There is no doubt that Karachi was in a mess but things have begun to change. Massive development work is going on. Flyovers, roads and bridges are being built to ease the traffic congestion. Two signal free corridors have been built. Now we see some planning in the development.

    The age old sewerage system is being replaced. It has already been done at most places. The shortage of electricity in the city is the doing of the Federal Government. Does anyone know that the Karachi Electric Supply Corporation was barred from setting up any power plant and was forced to buy electricity from Wapda only. Why did Wapda not generate enough power to meet the requirements of the city keeping this ban in view?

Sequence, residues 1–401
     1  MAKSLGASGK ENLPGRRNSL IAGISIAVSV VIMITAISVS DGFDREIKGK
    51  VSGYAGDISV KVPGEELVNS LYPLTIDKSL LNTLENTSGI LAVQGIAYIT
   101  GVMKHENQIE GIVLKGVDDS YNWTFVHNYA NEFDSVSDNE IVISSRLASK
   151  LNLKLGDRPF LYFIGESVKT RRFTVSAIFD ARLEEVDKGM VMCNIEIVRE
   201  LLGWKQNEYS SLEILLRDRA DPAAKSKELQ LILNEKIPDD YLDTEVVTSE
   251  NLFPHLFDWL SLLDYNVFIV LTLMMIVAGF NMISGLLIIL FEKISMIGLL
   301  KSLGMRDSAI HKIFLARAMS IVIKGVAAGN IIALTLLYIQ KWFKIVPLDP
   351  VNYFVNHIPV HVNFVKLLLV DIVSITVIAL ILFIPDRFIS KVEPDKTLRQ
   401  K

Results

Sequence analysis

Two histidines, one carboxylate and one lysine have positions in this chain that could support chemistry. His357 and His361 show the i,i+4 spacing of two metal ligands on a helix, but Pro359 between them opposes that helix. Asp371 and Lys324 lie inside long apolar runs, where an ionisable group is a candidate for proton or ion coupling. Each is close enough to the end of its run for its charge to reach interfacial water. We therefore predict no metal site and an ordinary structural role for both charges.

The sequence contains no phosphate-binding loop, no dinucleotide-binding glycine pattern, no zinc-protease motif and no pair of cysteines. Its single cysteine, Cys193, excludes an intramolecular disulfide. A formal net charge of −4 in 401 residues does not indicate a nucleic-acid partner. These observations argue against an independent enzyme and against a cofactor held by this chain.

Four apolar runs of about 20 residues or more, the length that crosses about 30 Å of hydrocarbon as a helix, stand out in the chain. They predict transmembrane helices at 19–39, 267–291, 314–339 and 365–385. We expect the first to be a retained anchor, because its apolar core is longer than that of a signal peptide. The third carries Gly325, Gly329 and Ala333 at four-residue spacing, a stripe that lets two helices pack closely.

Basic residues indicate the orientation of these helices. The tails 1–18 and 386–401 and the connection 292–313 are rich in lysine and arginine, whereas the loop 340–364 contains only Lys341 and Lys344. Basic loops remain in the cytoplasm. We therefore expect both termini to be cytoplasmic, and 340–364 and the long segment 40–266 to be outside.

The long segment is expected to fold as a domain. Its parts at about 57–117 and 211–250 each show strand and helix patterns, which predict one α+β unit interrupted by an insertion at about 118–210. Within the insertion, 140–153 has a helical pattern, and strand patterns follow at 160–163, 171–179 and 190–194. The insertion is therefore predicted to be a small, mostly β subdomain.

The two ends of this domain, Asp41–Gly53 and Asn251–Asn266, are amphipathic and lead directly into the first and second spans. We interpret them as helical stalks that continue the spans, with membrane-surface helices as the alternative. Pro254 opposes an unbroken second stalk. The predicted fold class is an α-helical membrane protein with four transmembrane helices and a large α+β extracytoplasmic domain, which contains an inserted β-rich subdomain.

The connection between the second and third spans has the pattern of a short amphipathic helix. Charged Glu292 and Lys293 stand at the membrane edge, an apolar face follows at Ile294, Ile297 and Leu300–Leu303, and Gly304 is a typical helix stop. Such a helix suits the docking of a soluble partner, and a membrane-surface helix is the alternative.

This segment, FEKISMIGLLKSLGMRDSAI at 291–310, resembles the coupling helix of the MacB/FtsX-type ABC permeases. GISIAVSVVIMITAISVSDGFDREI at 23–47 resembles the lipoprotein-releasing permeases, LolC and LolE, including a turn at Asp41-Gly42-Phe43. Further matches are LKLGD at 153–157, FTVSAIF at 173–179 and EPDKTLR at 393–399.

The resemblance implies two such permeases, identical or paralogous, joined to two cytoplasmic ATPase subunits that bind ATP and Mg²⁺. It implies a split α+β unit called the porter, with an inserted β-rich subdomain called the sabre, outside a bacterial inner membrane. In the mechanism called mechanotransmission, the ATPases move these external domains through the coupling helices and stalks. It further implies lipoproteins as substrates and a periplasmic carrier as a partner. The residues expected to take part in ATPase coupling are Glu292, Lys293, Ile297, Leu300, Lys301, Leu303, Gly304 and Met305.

3. When I was living in Davenport, Iowa, the US survey of 300 worst cities listed it as the worst place to live. It was disheartening. As a Karachite, I find it sad, but I am surprised that cities in Iraq, Israel and Saudi Arabia don’t come up. I guess routine checks (Tel Aviv), not having the ability to drive a car if you are a female (Jeddah) and living in a trailer park (New Orleans) don’t count. However, there is much work to do.